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If you have a child with special needs, you are no doubt familiar with many of the services and accommodations provided to them by their school. You may also have a clear understanding of some of the laws that guarantee your child the appropriate support services in an educational setting. You are likely also familiar with the time, energy and red tape required to obtain services for your child. It is a complicated process indeed, with many legal underpinnings guiding the development and administration of programs for special needs kids.
 
Individuals with Disabilities Education Act
 
First passed in 1975 as the Education of Handicapped Children Act, the Individuals with Disabilities Education Act (IDEA), as it stands today, is the result of revisions in 1990, 1997 and 2004. Prior to 1975, children with disabilities were either placed in segregated classrooms in public schools or denied access to public education altogether.
 
 
Today’s iteration of IDEA includes four parts, including Part B, which outlines the service requirements for children from 3-21 years of age, and Part C, which governs the administration of services to children from birth to 2 years of age. IDEA, among other things, establishes that families have a right to:  
  • A Free and Appropriate Public Education for school-aged children.
  • An Individualized Education Plan for public school students.
  • A consultation with a school professional to determine the level of a disabled child’s needs.
  • Access to early intervention services for infants and toddlers.
  • An Individualized Family Service Plan for infants and toddlers.
 
IDEA
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It has been more than a decade since the first large-scale one-to-one technology initiative was launched in Maine. That program, which put laptops in the hands of every public school student in the state, represented a major shift in the manner in which students learn. Recognizing the growing value of technology, particularly the Internet as an educational tool, the program opened doors for students to learn that otherwise would not have been available. For the first time, students could easily expand their learning time beyond the boundaries of their classroom and regular school day.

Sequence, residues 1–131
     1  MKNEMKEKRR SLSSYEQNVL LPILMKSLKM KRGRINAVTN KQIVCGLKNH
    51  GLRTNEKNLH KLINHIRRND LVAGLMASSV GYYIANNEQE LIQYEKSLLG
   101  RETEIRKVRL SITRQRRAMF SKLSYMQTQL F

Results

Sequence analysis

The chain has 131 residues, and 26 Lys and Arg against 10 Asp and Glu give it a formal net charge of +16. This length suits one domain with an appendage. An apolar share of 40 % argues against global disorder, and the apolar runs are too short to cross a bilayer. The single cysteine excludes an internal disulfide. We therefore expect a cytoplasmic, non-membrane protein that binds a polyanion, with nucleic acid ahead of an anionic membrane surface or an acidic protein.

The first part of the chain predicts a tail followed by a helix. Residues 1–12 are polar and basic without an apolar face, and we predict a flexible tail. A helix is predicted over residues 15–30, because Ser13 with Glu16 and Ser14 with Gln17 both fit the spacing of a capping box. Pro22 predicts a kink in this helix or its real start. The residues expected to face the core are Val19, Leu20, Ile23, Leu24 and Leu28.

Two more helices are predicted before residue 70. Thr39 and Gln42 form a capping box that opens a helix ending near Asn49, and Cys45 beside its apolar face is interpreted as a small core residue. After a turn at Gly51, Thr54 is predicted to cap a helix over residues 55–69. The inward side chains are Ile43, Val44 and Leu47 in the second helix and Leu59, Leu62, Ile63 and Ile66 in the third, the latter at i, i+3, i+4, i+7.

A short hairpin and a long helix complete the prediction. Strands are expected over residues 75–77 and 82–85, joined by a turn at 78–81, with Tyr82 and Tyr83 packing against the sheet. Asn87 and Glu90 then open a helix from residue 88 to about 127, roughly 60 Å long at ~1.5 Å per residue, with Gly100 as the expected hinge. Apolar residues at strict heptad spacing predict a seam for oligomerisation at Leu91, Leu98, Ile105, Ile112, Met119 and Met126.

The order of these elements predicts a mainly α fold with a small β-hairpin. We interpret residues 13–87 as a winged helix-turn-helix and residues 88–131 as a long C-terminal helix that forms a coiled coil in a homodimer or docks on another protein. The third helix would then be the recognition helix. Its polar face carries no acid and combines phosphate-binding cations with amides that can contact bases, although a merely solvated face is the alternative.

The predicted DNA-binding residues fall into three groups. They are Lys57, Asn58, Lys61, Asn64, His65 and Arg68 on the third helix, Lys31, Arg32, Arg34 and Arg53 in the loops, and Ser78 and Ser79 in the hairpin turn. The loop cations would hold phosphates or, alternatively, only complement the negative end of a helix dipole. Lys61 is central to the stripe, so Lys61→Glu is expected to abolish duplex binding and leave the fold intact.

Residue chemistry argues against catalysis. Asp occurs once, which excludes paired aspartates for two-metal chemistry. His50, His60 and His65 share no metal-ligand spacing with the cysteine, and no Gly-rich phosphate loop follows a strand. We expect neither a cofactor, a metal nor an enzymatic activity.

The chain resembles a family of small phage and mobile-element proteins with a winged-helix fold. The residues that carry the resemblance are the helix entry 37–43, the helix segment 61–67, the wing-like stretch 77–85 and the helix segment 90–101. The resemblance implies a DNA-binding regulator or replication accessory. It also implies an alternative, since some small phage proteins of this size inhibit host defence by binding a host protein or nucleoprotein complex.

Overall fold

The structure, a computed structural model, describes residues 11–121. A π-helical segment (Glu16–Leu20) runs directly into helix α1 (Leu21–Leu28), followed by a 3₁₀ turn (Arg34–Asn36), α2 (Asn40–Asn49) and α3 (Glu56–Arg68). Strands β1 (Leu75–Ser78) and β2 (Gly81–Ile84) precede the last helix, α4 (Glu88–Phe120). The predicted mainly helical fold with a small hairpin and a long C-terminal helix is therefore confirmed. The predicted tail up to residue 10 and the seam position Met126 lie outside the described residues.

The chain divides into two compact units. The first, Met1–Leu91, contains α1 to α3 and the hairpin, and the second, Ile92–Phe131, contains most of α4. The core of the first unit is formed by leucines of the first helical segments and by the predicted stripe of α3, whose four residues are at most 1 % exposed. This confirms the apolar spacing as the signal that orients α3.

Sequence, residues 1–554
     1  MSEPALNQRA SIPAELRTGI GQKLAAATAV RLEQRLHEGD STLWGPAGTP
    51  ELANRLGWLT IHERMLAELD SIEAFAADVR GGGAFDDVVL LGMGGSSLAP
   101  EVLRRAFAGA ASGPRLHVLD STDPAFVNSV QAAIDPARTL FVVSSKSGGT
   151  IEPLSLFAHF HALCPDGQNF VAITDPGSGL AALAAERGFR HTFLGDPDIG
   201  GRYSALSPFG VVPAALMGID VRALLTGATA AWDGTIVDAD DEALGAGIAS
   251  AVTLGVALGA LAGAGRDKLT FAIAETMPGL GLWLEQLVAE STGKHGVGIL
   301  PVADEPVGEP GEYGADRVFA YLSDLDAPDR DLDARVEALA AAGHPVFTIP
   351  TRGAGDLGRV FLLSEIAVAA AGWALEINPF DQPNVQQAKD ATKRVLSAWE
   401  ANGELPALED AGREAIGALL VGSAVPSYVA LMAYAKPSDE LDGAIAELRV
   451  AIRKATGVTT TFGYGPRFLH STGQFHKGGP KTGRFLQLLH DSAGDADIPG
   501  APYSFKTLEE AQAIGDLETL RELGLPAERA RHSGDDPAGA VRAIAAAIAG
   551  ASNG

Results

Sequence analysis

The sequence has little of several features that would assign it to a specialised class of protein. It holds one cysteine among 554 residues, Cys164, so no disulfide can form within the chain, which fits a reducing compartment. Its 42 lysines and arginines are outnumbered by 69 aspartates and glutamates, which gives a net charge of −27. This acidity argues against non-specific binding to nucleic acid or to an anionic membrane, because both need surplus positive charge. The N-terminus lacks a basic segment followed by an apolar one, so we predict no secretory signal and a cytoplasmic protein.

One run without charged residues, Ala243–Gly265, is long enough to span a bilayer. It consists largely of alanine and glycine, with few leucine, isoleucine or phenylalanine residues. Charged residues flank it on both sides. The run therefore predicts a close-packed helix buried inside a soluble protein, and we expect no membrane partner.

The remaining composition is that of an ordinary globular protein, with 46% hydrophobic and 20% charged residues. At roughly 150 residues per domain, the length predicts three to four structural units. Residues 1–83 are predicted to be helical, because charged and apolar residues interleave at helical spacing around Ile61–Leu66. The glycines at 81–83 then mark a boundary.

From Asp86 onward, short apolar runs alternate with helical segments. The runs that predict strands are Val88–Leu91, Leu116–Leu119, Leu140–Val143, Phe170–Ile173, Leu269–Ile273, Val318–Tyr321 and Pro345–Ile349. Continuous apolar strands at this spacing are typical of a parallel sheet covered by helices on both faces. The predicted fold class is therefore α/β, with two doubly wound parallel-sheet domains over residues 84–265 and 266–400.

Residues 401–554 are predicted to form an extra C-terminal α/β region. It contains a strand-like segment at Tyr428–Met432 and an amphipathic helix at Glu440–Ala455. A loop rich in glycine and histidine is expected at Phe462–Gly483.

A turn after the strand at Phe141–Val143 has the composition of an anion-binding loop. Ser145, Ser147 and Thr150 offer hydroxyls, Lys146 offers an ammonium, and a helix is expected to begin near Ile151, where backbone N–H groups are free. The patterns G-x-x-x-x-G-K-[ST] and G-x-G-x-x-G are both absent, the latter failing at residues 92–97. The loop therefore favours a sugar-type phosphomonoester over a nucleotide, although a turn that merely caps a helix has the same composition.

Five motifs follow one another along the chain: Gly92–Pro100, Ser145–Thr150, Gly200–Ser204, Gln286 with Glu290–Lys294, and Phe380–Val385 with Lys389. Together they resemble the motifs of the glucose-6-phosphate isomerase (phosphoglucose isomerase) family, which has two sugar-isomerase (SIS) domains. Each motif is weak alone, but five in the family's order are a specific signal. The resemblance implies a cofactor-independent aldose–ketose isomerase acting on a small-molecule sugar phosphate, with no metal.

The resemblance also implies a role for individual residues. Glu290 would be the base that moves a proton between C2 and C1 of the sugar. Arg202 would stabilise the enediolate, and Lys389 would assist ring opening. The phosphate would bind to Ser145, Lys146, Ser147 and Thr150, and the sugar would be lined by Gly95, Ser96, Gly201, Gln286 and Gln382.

Yet, as children learned to utilize technology for educational purposes, the non-educational aspects of technology began to become more prominent. Gone are the days when a laptop was used to type a report or to access an online encyclopedia for research. Now, children have thousands of online distractions from YouTube videos to games to apps that allow them to chat, text, and share pictures with their friends.
 
All this makes it more difficult for parents to manage what their children utilize their technology to do. However, there are steps parents can take to ensure their child utilizes technology for learning first and fun second.
 
Set Rules and Stick to Them
 
Establishing rules can go a long way in helping your child define the boundaries of their use of technology. One of your first rules should
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Recent Articles
Life Beyond High School:  The Innovative Frontier
Life Beyond High School: The Innovative Frontier
Exploring post graduation options for high school students.
5 Ways Parents Can Inspire Children to Love Reading
Children are reading less and less in this country, and the effects of that are showing in their performance in school. However, there are a variety of ways parents can encourage their children to read – and hopefully to love reading!
Schools Demand Students' Social Media Passwords
Recent legislation that allows Illinois public schools to demand students’ social media passwords has renewed the debate about students’ right to privacy at school.
Parenting and Learning Issues

Improving Learning

A comprehensive look at the latest trends, expert advice and recent studies into improving student learning. Explore the latest studies into links between student performance, sleep and music. See why schools are opting for later start times and year round schedules.

Parental Involvement from K-12

Learn how direct involvement in your child’s education can impact school performance. Get expert advice on how to get involved, learn why and when you need to talk to a teacher and ways to make changes on campus.

Bullying

An overview of bullying in schools, laws to protect students, and the impact on education. This section provides great tips on protecting your child from being bullied or becoming a bully. Learn about the latest anti-bullying laws and see how cyber-bullying effects your child’s school performance.

Types of Learning

What type of learner is your child? Be in the know about different types of learning and which classrooms are best suited for each type. What is project-based learning? Cooperative Learning? Would your child benefit from a blended learning experience? Explore these teaching techniques and learn how they could improve your child’s performance.

Kindergarten and Elementary Issues

Weigh the pros and cons of preschool, full day kindergarten and other issues affecting our youngest learners. Learn what can be done to help your child prepare to enter school, boost confidence, and encourage reading at the grade school level.

High School Issues

Learn more about issues specific to high school students. Get an overview of high school graduation rates, college readiness, career choice and social issues impacting teenagers in public schools.